I moved into my own place for the first time in February 2019. Along with my material items, I brought other baggage: I had been laid off from a full-time job in November 2018. But by January 2019, I was being approved for a one-bedroom co-op in Brooklyn, and I knew I couldn’t pass up the opportunity. I took the leap, but I wondered how I would stay afloat as a newly self-employed person without healthcare. When I glanced at my bank account, I realized it would take months before I could furnish my apartment like the well-curated living spaces I pinned to secret Instagram collections. To lighten the stress load, I decided to transform my new space into a sanctuary that didn’t break my budget. I started simple: filling my apartment with music that helped me practice gratitude whenever I began spiraling about my issues. It had been a sad-girl winter and I needed a healing-girl spring.
When I Get Home, Solange’s fresh R&B, jazz, and hip hop album, provided much-needed affirmation. Lyrics from the hypnotically repetitive “Things I Imagined” (“I saw things I imagined”) and the soul-lifting “Dreams” (“Dreams, they come a long way, not today”) stood out, conjuring up thoughts of the places I’d traveled to and the opportunities I had experienced that were once unchecked items on a bucket list. During my travels, I had collected magnets, shot glasses, and other trinkets from the cities I visited, items that I rediscovered during my move. I placed these physical reminders of my journeys around the kitchen. I found unused candles I’d received as gifts from coworkers and lit them in my bedroom. I named a new tropical foliage plant May—after my birth month—as I began looking forward to turning 30. Solange’s music inspired me to take the initial steps toward shaping the decor of my home.
By May, I was more settled in but still feeling financial anxiety. Again, the universe delivered music that kept me grounded. The joyous gem “New Apartment” appears on Ari Lennox’s vintage soul album Shea Butter Baby. “And everything stays where I leave it/ Every damn rule I created/ A Dollar Tree wine glass is in the air/ André will get me there,” Lennox crooned in her rich, dewy tone. I felt seen as Lennox shouted out her Dollar Tree dishware; I’d bought my own first set of glasses from Family Dollar. The song became my celebratory anthem for finally reaching a point in life where I didn’t have to share anything within my home with anybody else. As a middle child, I’d always compromised about toys, tv, and food. This dynamic came into play again when I lived in college dorms, had housemates, and returned to my parents’ basement after college. But this time, I was in full control.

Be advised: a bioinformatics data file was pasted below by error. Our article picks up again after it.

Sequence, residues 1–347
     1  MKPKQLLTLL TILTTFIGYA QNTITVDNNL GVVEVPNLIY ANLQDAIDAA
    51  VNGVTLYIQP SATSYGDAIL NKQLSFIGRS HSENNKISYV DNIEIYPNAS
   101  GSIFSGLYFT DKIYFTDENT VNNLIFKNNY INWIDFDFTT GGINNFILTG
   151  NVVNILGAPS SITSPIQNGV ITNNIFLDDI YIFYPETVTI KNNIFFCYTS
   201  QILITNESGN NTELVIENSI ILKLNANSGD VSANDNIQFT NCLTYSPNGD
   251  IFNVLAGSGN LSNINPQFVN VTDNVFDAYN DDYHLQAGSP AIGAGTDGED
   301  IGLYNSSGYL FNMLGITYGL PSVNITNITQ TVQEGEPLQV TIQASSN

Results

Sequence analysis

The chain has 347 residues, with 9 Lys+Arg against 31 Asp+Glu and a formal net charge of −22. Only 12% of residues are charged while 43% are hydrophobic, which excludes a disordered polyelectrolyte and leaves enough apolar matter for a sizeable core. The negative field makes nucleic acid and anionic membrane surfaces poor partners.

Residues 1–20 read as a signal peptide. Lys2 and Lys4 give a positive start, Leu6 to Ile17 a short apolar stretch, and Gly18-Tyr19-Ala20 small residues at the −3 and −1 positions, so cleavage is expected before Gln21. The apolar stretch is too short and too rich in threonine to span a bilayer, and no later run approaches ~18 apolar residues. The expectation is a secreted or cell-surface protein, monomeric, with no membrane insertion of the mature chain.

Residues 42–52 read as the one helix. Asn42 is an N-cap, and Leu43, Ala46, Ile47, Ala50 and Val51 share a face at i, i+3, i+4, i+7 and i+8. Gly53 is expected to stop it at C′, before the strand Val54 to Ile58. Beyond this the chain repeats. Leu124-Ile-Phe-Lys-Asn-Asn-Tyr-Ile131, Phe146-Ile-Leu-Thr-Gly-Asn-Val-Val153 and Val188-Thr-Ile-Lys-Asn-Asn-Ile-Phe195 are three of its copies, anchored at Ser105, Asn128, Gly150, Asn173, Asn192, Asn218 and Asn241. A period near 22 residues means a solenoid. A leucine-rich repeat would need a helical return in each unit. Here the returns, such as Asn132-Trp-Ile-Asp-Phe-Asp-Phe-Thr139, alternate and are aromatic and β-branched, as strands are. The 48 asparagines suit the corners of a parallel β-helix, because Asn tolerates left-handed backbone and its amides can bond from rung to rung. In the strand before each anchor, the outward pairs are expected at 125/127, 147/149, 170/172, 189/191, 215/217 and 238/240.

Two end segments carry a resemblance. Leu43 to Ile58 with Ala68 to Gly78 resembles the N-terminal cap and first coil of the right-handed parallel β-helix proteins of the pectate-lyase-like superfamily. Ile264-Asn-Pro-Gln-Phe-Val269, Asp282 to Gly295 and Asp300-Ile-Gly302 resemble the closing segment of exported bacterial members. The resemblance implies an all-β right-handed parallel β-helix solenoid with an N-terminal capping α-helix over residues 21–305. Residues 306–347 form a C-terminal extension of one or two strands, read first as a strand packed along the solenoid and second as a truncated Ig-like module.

Solange had me feeling gratitude for the past, Ari had me thinking about the present, and Jamila Woods’s May 2019 album Legacy! Legacy! inspired me to think about the future of my sanctuary. The song “Frida” embodies the spirit of Mexican artist Frida Kahlo, who used a bridge to connect her home to her partner Diego Rivera’s home. Woods used the couple’s living arrangement as a metaphor for not giving up your individuality in a relationship. “We could do it like Frida, we could build a bridge then/ I could come see ya, just not where I live/ Don’t get me wrong, I’m not scared of lovin’ ya/ Multiply my sides, I need a lot of area.” Though the song is more symbolic than literal, Woods inspired me to think deeply about what cohabitation would look like for me.
While listening, I thought about how much our physical living space is tied to our emotional needs. Some of us may occasionally need room to breathe within a long-term partnership, so our physical spaces need to reflect that. I’m not rushing it, but I’m 30, single, and I desire to be married. According to recent stats, there is a 70 percent chance I could walk down the aisle in the next decade. Thinking now about how to maintain my space in a long-term partnership isn’t a bad idea. What I know for sure is, if and when I get married, I have the right to preserve the sanctuary I’ve already begun building.
Having my own spot gives me some semblance of freedom in a world where Black women are policed at work, on the street, in social settings, and even on social media. Sometimes outside forces distract me from basking in this newfound freedom and privilege, but when the day is done, I can shut the door, put down my phone, and create the ambience I desire. And whenever I need a reminder to unwind, I put Solange, Ari Lennox, and Jamila Woods on repeat and let be.
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